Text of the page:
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Legal Process Outsourcing Regulatory Trends in 2011
Leading consulting firm Fronterion has released a guide to the changing regulatory landscape for legal outsourcing in 2011. There is the potential for rule changes which could place outsourcing agreements under increased scrutiny.
With the legal process outsourcing (LPO) industry hitting double-digit growth rates, regulators and representative bodies can no longer ignore this dynamic new market.
In the three main LPO markets – the United States, the United Kingdom and India – there is the potential for rule changes which could place outsourcing agreements under increased scrutiny or even have a material impact on the ability of law firms and companies to send legal work to external providers.
For these reasons many, industry insiders, including Fronterion which highlighted the issue in its Top 10 Trends for 2011 report, think regulation is the single most important issue in LPO this year.
The following is an extract from Fronterion’s monthly LPO newsletter Forefront, which was sent out today. To sign up for the newsletter, visit www.fronterion.com
The United States
The American Bar Association has set up a working group to examine the implications of advancing technology and globalisation for the legal industry: the ABA Commission on Ethics 20/20.
LPO is a key area of focus. The group has released proposed changes to the ABA model rules and has invited feedback from industry participants. The changes, which include a provision that the law firm outsourcing legal work should make sure it is in the best interest of clients, will not cause a major shift in the regulatory regime.
The ABA is due to submit its recommendations to the House of Delegates in August this year.
Independent from the ABA, a Connecticut lawmaker recently proposed a bill aimed at curtailing offshore legal outsourcing. While the bill is not expected to go anywhere, it sets off another round of debate regarding the unauthorized practice of law (UPL).
The United Kingdom
The Solicitors Regulation Authority (SRA) has been slower to respond to the burgeoning LPO industry in the UK, however, it has indicated that it is likely to carry out a ‘thematic review’ on the subject in 2011.
The website www.legalfutures.co.uk reports this will include whether the SRA will need to change regulatory requirements or increase its supervision of LPO arrangements. The body is already considering LPO as part of its consultation in the new Solicitors Handbook.
The Law Society, which has delegated regulation to the SRA but which still represents the legal industry, has also hinted that it will address LPO in 2011.
At a conference last year, the society released a report saying it should examine the impact of LPO on, in particular, the development of junior solicitors as more of their work is sent overseas, and the risks for firms in terms of professional indemnity insurance.
The report also heralded the emergence of a ‘third profession’ of legal providers. A spokesman for the Law Society told Fronterion this month the organisation is “looking at the possibility of providing guidance and information to its members” on the issue.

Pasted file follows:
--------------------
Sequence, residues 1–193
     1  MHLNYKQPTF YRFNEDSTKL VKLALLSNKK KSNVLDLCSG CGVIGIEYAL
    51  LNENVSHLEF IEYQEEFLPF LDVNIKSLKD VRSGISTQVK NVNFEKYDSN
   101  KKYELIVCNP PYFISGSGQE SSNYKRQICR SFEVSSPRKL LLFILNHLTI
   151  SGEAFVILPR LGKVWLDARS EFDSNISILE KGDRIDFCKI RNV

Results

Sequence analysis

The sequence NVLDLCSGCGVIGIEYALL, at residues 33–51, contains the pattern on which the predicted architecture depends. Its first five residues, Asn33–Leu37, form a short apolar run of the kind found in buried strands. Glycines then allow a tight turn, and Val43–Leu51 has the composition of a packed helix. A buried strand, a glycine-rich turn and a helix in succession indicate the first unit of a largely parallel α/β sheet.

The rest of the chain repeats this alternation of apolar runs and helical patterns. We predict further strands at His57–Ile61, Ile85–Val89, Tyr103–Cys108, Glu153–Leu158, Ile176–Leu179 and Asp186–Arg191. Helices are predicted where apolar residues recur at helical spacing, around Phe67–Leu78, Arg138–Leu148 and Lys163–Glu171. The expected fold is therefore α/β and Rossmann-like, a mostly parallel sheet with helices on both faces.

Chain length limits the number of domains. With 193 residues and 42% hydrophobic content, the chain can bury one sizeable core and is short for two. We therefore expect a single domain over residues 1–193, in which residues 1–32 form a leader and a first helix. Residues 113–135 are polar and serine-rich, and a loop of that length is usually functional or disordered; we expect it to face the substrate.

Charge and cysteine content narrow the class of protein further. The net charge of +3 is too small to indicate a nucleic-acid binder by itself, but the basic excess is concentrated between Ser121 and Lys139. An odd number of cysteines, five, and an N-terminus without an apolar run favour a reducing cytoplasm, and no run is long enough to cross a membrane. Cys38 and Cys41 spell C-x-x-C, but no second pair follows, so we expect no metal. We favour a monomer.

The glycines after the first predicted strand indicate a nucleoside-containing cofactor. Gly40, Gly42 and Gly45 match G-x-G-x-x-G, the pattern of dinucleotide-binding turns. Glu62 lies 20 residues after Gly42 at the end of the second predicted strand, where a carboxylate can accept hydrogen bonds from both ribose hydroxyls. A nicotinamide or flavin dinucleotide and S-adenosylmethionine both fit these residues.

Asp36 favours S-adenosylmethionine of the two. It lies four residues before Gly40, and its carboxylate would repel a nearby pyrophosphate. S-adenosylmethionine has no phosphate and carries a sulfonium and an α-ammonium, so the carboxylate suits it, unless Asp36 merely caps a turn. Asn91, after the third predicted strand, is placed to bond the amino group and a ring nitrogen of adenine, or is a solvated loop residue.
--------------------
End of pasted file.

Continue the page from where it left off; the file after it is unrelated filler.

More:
The jurisdiction where most outsourced legal work is carried out also has one of the most intractable regulatory regimes.
Among the most worrying developments is the Chennai Writ Petition, a legal action brought by local practitioners against 31 international law firms and one LPO provider aimed at preventing foreign firms from practicing in India.
While the writ is still ongoing, consultant Alison Hook, who runs Global Legal Market Consulting, says there is little cause for concern.
She thinks the Indian government is unlikely to permit anything which might damage the growing local LPO market.
However, the LPO industry should keep an eye on the Ministry of Law and Justice’s plans to tighten overall regulation of the corporate legal sector.
“This will probably move quite slowly but is an interesting statement of intent which could help to clarify the boundaries between the regulated legal sector and legal process outsourcers and ensure that the LPO industry does not get embroiled again in the foreign lawyer controversy in India’,” she says.
NOTE: Fronterion founder and managing principal Michael Bell will be speaking on the subject of regulation, as well as other key issues, at the IQPC LPO Summit in New York February 14-16, 2011.
About Fronterion: Fronterion is the leading international management consulting firm exclusively focused on advising law firms and corporate counsels on outsourced legal services. Fronterion clients, primarily based in the US and UK, include a variety of sizes and practice specialties. As the first organization to bring a highly structured approach to the assessment of the legal outsourcing market, Fronterion has helped clients tackle an array of outsourcing challenges and achieve transformational benefits through outsourced legal services. A strict adherence to independence from vendor firms ensures Fronterion’s objectivity in all client reporting.
For more information about Fronterion contact mediarelations@
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Fronterion is an independent legal outsourcing advisory firm that provides focused expertise enabling clients to confidently engage in successful legal outsourcing initiatives.